I am having trouble running what I thought was a simple Bayesian repeated measures logistic regression. I can get the model to run but the diagnostics are terrible. I was hoping I could get some tips on how to improve the model

Here is the data. There are two groups, not trained and trained, each measured twice, at baseline (pre-intervention) and follow-up (post-intervention). The outcome is a binary variable, incorrect (=0) vs correct (=1). I’m interested in whether prior training results in greater odds of being correct at follow-up.

```
# Here is the data
d <- data.frame(id = 1:94,
training = c(0,1,1,0,0,0,0,1,0,1,1,1,0,1,0,0,1,1,0,0,1,1,0,1,0,0,0,0,0,1,0,0,0,0,0,1,0,0,1,0,0,0,0,0,0,0,0,0,0,0,1,0,1,1,1,0,0,0,0,0,0,0,1,0,0,0,1,0,0,0,1,0,0,0,0,0,0,0,1,1,0,1,0,1,0,0,1,0,0,0,0,1,0,1),
baseline = c(1,1,1,1,1,0,1,1,1,1,0,1,0,1,1,1,1,1,0,1,1,1,0,1,0,1,0,0,0,1,1,1,1,0,0,1,1,1,1,0,1,1,0,1,0,1,1,1,0,1,1,1,1,1,1,1,1,1,0,1,1,1,1,1,0,1,1,0,1,0,1,0,1,0,1,0,1,0,0,1,0,1,0,1,0,1,1,1,1,1,1,1,1,0),
followup = c(1,1,1,1,1,1,1,1,1,0,1,1,1,1,1,1,1,1,1,1,1,1,0,1,1,1,1,1,1,1,1,1,1,1,1,1,1,0,1,1,1,1,1,1,1,1,1,1,1,1,1,1,1,1,1,1,1,1,1,1,1,1,1,1,1,1,1,1,1,1,1,1,1,0,1,1,1,1,1,1,1,1,1,1,1,1,1,1,1,1,1,1,1,1))
```

Now let’s look at the proportions correct in each cell - baseline/not trained, baseline/trained, followup/not trained, followup/trained.

```
library(dplyr)
d %>% group_by(training) %>%
summarise(countBase = sum(baseline),
countFU = sum(followup),
tot = n()) %>%
mutate(percBase = round(100*countBase/tot,2), percFU = round(100*countFU/tot,2)) %>%
transform(training = ifelse(training == 0, "not trained", "trained"))
# output
# training countBase countFU tot percBase percFU
# 1 not trained 40 62 65 61.54 95.38
# 2 trained 26 28 29 89.66 96.55
```

Looks like training means greater odds of being correct at baseline before the intervention, but that this difference disappears at follow-up (unsurprising because the rate correct at baseline in the trained group was so high that they really had nowhere to go at follow-up).

Let’s change to a long dataframe for the repeated measures logistic regression

```
longDF <- d %>% dplyr::select(-one_of("changed")) %>%
gather(key = time, value = correct, baseline, followup) %>%
mutate(id = factor(id),
training = factor(ifelse(training == 0, "not trained", "trained"), levels = c("not trained", "trained")),
correct = factor(ifelse(correct == 0, "incorrect", "correct"), levels = c("incorrect", "correct")),
time = factor(time))
```

Now for the model. I am using a bernoulli logit model which estimates a grand mean (parameter ‘a’) and then estimates main effects of both training, time and the training x time interaction. I also have an effect estimated for each subject. I have specified hyper-priors on the standard deviation of the deflections of the main and interaction effects from the grand mean. For the priors on these deflection parameters I chose normal distributions truncated at 0 with sd = 2 (because this is on a log-odds scale, no idea if this was the right thing to do or not).

```
library(rstan)
# put the the data into a list
dList <- list(N = nrow(longDF),
nID = nlevels(longDF$id),
nTrain = nlevels(longDF$training),
nTime = nlevels(longDF$time),
sIndex = as.integer(longDF$id),
trainingIndex = as.integer(longDF$training),
timeIndex = as.integer(longDF$time),
correct = as.integer(longDF$correct)-1)
# now for the model string
mString <- "
data{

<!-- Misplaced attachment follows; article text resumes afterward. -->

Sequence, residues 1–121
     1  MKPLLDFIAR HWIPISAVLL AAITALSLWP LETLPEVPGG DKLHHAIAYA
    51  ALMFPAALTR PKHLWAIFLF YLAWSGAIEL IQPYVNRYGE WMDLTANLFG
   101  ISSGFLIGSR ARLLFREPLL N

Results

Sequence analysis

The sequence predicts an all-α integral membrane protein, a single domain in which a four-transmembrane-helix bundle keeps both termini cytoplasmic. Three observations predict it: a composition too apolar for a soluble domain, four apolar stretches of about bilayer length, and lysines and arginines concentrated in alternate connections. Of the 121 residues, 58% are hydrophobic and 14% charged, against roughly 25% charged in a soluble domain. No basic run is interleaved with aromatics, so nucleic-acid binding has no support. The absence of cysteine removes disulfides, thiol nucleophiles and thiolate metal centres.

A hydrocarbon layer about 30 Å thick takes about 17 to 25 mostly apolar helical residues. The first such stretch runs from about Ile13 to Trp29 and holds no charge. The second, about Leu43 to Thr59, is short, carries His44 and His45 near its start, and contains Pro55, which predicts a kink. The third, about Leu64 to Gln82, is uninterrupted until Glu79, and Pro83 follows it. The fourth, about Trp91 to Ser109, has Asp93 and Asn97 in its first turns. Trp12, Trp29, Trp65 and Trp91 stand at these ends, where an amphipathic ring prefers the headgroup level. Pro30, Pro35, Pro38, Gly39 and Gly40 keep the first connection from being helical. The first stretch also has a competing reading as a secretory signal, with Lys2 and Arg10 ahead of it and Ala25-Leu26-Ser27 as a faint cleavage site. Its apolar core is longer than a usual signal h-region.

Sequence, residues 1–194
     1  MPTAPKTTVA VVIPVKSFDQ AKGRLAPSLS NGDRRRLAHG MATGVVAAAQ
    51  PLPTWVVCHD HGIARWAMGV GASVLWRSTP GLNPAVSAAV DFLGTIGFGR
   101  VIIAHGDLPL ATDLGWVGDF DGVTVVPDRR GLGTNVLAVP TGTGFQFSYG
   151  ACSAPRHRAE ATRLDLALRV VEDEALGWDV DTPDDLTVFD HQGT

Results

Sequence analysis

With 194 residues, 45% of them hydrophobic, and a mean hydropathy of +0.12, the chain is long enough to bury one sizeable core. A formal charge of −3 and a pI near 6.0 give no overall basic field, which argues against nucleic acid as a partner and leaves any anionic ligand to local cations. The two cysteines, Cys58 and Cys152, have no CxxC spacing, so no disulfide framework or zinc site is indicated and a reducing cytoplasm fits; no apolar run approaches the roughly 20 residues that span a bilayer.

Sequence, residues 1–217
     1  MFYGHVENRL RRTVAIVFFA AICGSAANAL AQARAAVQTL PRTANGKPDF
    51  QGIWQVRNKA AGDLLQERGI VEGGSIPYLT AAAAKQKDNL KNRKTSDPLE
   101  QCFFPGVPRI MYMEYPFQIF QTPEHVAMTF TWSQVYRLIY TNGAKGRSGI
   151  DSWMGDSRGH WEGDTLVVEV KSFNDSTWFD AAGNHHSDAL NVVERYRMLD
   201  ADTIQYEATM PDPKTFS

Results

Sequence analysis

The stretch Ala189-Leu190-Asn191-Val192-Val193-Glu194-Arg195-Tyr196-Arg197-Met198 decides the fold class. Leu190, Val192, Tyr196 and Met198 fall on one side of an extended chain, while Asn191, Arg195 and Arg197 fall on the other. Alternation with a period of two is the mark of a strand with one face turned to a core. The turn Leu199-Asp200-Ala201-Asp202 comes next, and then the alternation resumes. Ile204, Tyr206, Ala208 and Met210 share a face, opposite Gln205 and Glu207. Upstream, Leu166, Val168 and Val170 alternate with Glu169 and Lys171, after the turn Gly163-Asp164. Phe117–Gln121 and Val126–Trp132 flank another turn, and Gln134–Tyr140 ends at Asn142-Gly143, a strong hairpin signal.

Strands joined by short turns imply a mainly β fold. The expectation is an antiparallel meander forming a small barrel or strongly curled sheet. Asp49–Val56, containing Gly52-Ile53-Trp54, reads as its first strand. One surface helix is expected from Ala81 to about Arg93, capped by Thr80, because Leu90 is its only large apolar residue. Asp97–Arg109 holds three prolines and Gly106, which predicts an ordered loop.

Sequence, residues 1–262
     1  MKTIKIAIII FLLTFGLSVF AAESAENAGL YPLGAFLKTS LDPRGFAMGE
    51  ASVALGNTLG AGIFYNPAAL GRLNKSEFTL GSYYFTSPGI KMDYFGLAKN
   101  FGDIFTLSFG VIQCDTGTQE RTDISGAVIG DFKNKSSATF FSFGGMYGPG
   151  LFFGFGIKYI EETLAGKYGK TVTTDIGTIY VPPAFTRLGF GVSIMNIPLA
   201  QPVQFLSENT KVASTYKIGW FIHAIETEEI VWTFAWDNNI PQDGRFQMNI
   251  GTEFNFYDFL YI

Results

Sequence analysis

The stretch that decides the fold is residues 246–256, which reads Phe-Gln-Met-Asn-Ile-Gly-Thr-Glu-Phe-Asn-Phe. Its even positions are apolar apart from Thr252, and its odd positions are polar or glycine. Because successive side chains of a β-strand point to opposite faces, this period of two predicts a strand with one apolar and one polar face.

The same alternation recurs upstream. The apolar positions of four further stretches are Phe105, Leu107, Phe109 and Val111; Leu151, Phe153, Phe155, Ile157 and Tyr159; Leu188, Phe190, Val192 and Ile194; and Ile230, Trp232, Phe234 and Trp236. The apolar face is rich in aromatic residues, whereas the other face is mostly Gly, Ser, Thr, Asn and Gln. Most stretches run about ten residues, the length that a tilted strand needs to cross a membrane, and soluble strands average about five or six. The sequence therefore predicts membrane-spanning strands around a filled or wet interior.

int<lower=1> N;
int<lower=1> nID;
int<lower=1> nTrain;
int<lower=1> nTime;
int<lower=1,upper=nID> sIndex [N];
int<lower=1,upper=nTrain> trainingIndex [N];
int<lower=1,upper=nTime> timeIndex [N];
int<lower=0,upper=1> correct [N];
}
parameters{
real a;
vector[nTrain] bTraining; // main effect of training
vector[nTime] bTime; // main effect of time
vector[nTrain] bTxT[nTime]; // vector of vectors for the interaction
vector[nID] bSubj; // subject-level effects
real<lower=0> sigma_train; // sd of training main-effect deflections
real<lower=0> sigma_time; // sd of time main-effect deflections
real<lower=0> sigma_TxT; // sd of interaction deflections
real<lower=0> sigma_s; // sd of subject deflections
}
model{
vector[N] p;
//hyper-priors
sigma_train ~ normal(0,2);
sigma_time ~ normal(0,2);
sigma_TxT ~ normal(0,2);
sigma_s ~ normal(0,2);
// priors
a ~ normal(0,2);
bSubj ~ normal(0, sigma_s);
bTraining ~ normal(0, sigma_train);
bTime ~ normal(0, sigma_time);
for (j in 1:nTrain) { bTxT[j] ~ normal(0, sigma_TxT); }
//likelihood
for (i in 1:N) {
correct ~ bernoulli_logit(a + bTraining[trainingIndex[i]] + bTime[timeIndex[i]] + bTxT[trainingIndex[i]][timeIndex[i]] + bSubj[sIndex[i]]);
}
}
"
# run the model
twoByTwoLogit <- stan(model_code = mString,
data = dList,
iter = 2e3,
warmup = 1e3,
cores = 3,
chains = 3)
```

Here is the print out of the model coefficients as well as chain diagnostics

```
print(twoByTwoLogit, pars = c("a", "bTraining", "bTime", "bTxT"), probs = c(0.025, 0.975))
# output
Inference for Stan model: 4d5f505643ec1a63680be017d6d7bcf4.
3 chains, each with iter=2000; warmup=1000; thin=1;
post-warmup draws per chain=1000, total post-warmup draws=3000.
mean se_mean sd 2.5% 97.5% n_eff Rhat
a 1.43 0.07 0.79 -0.65 2.80 133 1.02
bTraining[1] 0.15 0.06 0.69 -0.84 2.47 141 1.01
bTraining[2] 0.14 0.04 0.62 -0.85 1.95 201 1.01
bTime[1] 0.03 0.06 0.52 -1.13 1.27 79 1.07
bTime[2] -0.01 0.07 0.51 -1.20 1.22 56 1.08
bTxT[1,1] -0.03 0.02 0.20 -0.61 0.32 102 1.03
bTxT[1,2] 0.01 0.02 0.21 -0.49 0.38 90 1.03
bTxT[2,1] -0.01 0.01 0.18 -0.47 0.42 187 1.01
bTxT[2,2] 0.03 0.02 0.19 -0.32 0.45 133 1.00
Samples were drawn using NUTS(diag_e) at Tue Feb 25 10:48:35 2020.
For each parameter, n_eff is a crude measure of effective sample size,
and Rhat is the potential scale reduction factor on split chains (at
convergence, Rhat=1).
```

As you can see, the effective sample sizes are really low and the Rhats are terrible.

**Can anybody tell me what I’m doing wrong and what I could do better?**